NFL football operations executive Ray Anderson told ESPN Radio's "Mike and Mike in the Morning" that the league will hold players accountable under a "strict liability" standard for illegal hits to the head and neck starting with games this week, saying the league will not apologize for trying to protect players' safety and enforcing the current rules.
Anderson, the league's executive vice president of football operations, backed away from the word "devastating" in describing the kind of hits the league will act upon beginning with games this week.
"I don't know where the word devastating came from. That's not my word," he said Tuesday. "What I would tell you is that if there are flagrant and egregious violations of our current rules, we will be enforcing, effective immediately, discipline at a higher level."
On Monday, Anderson said "We've got to get the message to players that these devastating hits and head shots will be met with a very necessary higher standard of accountability. We have to dispel the notion that you get one free pass in these egregious or flagrant shots."
Tuesday on "Mike and Mike in the Morning," Anderson stressed that the league's increased attention and discipline on head shots is based on current rules protecting "defenseless" players -- for example, a wide receiver or punt returner making a catch. Those rules have already been a point of emphasis for game officials. this season, he said.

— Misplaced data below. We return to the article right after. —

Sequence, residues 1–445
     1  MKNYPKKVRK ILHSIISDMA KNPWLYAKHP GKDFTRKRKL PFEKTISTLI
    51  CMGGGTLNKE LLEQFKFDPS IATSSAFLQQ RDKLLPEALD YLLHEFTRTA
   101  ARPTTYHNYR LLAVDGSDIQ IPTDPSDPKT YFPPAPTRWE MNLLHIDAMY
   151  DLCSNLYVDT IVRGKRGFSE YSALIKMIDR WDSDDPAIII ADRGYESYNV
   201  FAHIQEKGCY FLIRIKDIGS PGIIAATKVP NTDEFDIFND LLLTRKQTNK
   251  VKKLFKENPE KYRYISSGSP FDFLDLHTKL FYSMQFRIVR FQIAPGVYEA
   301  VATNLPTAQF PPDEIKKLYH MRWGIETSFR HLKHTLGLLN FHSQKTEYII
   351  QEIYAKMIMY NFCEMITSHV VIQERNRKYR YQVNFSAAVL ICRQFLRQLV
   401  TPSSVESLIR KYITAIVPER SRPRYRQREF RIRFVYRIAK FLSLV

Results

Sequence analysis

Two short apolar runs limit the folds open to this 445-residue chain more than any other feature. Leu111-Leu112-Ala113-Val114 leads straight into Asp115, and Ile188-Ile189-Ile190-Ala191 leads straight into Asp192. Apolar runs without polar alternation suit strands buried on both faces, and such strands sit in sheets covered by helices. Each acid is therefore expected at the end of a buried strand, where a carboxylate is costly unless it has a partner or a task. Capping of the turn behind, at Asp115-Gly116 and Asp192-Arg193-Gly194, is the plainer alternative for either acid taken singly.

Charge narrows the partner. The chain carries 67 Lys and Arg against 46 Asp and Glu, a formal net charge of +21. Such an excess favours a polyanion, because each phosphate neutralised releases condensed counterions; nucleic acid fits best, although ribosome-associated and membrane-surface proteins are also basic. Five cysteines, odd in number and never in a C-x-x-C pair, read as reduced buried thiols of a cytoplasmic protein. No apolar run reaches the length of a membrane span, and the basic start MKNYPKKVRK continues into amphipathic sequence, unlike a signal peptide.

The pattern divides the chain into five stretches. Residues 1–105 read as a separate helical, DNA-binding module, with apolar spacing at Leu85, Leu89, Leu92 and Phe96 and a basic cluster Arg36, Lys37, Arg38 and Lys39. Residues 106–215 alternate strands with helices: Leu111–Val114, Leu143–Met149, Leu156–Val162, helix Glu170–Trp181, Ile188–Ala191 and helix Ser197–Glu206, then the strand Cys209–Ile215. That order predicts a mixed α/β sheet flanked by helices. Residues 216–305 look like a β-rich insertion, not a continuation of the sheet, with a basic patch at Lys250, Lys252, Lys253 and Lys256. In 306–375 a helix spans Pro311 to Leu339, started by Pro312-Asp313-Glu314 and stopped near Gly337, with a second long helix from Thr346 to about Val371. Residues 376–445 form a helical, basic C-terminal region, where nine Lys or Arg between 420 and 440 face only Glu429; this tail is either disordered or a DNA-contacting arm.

"You should know the rules," Anderson said. "If you're in violation of those rules we're going to hold you to a higher standard."
He said that players should be able to adjust their technique to the rules and avoid illegal hits.
The defender, Anderson said, "has to adjust his target area. He has to wrap up. He has to do things more fundamentally."
Asked about specific hits from Sunday, Anderson said Falcons defender Dunta Robinson's hit on Eagles receiver DeSean Jackson and Patriots defender Brandon Meriweather's hit on Ravens tight end Todd Heap were hits that highlight the league's concerns.
Anderson said Meriweather's hit on Heap was "flagrant" and "egregious."
"That, in our view, is something that was flagrant, it was egregious and effective immediately that's going to be looked at a very aggressive level which could include suspension without pay," Anderson said.